Urgent call for more female recruits as British Armed Forces face staffing crisis


LONDON:Defence Secretary Grant Shapps is calling for an increase in female involvement in the Armed Forces, citing concerns over the current diversity deficit. Amid a wider initiative to tackle the military’s staffing crisis, Shapps stresses the importance of retaining female personnel. The Navy, in particular, has seen a significant drop in new recruits, resulting in the decommissioning of two warships.

Shapps passionately advocates for a military that mirrors the nation’s diversity, pointing out the existing imbalance with only 11 to 12 percent of women in the forces, despite them making up half of the population. The Navy and Royal Marines have seen a notable 22.1 percent decrease in intake compared to the previous year.

In response to a defence committee report titled “Women in the Armed Forces: From Recruitment to Civilian Life,” the Government recognized the barriers hindering female recruitment. The report raised concerns about the perceived difficulties for women to succeed in military settings. Shapps highlighted the need for extra incentives to attract recruits, such as additional apprenticeships and showcasing a variety of opportunities at recruitment fairs.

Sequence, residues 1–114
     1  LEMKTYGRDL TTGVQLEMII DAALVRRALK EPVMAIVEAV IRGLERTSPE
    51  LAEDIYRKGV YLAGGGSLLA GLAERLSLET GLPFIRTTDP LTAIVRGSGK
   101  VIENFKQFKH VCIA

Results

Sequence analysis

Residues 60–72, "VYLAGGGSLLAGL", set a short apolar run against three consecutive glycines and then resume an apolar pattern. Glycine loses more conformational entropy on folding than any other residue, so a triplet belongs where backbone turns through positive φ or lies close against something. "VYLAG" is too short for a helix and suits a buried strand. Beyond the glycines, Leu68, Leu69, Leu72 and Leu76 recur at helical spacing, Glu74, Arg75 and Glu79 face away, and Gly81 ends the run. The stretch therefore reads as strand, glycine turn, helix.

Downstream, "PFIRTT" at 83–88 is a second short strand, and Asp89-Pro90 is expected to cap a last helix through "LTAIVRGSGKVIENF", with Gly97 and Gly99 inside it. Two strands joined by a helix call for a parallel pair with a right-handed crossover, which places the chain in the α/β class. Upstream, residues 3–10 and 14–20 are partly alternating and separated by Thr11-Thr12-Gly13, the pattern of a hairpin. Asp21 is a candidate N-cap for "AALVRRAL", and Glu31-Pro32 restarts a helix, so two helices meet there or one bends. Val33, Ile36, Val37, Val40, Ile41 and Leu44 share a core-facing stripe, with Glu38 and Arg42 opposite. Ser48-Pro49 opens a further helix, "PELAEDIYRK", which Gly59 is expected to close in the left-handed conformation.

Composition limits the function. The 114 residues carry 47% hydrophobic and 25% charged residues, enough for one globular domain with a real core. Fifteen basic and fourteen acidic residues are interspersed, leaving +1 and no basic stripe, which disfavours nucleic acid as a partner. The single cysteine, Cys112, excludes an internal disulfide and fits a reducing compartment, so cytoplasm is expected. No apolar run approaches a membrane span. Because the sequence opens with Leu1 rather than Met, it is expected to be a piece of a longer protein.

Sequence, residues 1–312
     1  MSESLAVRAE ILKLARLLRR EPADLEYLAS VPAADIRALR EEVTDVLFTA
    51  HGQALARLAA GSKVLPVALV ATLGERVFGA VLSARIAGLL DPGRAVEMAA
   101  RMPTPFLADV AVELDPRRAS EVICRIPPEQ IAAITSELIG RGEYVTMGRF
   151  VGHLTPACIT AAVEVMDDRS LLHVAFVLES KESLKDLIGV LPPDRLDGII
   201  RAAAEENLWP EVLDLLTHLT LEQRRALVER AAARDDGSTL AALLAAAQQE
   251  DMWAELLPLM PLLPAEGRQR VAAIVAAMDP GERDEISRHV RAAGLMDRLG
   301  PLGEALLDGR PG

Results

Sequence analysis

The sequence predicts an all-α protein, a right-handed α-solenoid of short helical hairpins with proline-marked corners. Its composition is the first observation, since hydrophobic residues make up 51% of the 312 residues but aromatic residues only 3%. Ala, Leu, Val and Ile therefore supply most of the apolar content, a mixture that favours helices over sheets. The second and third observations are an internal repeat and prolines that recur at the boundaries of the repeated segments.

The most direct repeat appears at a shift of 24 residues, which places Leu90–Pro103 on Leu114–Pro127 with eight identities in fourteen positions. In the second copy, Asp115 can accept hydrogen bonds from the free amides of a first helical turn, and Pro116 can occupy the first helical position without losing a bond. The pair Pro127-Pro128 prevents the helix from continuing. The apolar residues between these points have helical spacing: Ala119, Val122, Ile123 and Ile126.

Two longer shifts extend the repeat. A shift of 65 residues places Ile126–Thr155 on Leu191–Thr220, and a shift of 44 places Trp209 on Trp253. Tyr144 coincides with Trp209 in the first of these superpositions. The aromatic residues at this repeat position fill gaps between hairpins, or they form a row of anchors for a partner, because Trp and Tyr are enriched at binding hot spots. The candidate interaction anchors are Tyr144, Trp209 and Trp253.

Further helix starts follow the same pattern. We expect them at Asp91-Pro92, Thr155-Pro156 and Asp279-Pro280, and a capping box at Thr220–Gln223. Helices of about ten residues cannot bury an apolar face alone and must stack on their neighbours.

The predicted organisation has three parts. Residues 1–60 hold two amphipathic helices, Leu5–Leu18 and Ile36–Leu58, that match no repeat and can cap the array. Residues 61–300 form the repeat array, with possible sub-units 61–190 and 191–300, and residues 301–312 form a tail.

Shapps emphasized the need to present the military as an “extraordinary career choice.” Currently, women make up 11.3 percent of the UK’s regular forces, 13 percent of the Royal Navy, nearly 16 percent of the Royal Air Force, and 10.3 percent of the Army. In the Royal Marines, female representation stands at 1.8 percent.